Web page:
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Eugenics victims are heard at last: Outrage voiced over state sterilization
State-sanctioned sterilization, which has sparked new outrage in the wake of advance publicity for a book on Vermont's eugenics program, was never a secret in the middle decades of the century, when states from California to Maine allowed the sterilization of people whose genetic material was considered inferior.
But while historians have established that at least 60,000 Americans were sterilized - some who had been coerced, and others who had not given their consent - the voices of people who fell victim to these programs have not been heard.
In the last week, however, three people have contacted the Vermont historian Nancy Gallagher, the author of ''Breeding Better Vermonters: The Eugenics Project in the Green Mountain State,'' saying that they were sterilized and that they never expected to read about what happened to them in the newspaper.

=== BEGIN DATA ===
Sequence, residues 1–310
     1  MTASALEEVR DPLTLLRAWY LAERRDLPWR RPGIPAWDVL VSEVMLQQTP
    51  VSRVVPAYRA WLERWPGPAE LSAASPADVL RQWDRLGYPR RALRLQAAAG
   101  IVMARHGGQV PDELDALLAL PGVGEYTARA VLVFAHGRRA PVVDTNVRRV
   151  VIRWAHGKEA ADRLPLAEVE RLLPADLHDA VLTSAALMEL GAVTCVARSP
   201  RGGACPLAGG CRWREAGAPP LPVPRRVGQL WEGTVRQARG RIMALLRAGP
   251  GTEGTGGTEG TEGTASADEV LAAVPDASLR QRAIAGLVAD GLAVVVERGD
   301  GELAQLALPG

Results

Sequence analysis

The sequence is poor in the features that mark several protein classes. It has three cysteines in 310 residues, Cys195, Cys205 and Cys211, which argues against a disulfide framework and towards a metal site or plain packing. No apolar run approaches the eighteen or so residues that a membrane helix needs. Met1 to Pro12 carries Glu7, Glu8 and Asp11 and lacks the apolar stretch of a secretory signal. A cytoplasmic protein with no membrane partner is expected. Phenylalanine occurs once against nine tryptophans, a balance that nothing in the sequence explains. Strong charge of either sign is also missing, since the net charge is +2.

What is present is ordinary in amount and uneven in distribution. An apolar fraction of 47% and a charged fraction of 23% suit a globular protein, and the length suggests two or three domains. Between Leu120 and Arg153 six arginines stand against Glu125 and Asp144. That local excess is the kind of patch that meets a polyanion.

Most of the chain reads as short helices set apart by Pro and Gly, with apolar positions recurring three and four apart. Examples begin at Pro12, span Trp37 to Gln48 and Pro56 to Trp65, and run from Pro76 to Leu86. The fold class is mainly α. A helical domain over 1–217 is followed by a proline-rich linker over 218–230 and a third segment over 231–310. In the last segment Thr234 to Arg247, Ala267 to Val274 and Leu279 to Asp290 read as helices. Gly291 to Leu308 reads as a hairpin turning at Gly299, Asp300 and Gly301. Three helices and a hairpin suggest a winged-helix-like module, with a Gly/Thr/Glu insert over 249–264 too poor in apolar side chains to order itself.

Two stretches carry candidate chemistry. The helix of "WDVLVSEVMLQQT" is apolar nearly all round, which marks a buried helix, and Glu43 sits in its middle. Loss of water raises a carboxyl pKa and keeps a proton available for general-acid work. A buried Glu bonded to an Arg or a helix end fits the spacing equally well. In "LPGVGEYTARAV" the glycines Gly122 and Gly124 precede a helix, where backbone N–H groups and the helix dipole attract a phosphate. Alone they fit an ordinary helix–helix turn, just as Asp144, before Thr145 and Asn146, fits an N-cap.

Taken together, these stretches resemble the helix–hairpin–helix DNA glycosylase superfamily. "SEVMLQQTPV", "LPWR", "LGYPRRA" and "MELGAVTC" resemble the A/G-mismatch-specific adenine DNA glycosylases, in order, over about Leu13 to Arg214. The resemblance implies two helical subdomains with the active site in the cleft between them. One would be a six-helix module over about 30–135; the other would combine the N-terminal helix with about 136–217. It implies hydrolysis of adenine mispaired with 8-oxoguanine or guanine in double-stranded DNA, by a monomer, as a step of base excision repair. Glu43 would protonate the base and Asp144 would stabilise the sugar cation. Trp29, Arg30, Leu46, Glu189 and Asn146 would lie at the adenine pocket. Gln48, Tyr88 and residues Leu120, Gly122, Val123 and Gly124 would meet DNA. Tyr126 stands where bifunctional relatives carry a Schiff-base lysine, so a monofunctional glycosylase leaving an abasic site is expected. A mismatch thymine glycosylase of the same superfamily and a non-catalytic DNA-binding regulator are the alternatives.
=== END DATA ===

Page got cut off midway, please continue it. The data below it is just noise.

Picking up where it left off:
The new witnesses could add to historians' understanding of the scope of sterilization efforts this century in the United States, in Vermont and beyond.
Moreover, the publicity surrounding Gallagher's book has shed new light on the largely forgotten story of Vermont's sterilization program. Some in the state are calling for an official inquiry; others, especially those from Abenaki Indian families singled out by the eugenicists, are asking questions about their family histories.
''Vermont is abuzz'' over the long-dormant issue of sterilization policy, said Fred Wiseman, a professor of humanities at Johnson State College and the director of the Abenaki Tribal Museum. ''People in the governor's office are thinking about it. I've gotten all kinds of calls about it. Just about everybody in the [Abenaki] Nation that has ever had this happen is thinking about it.''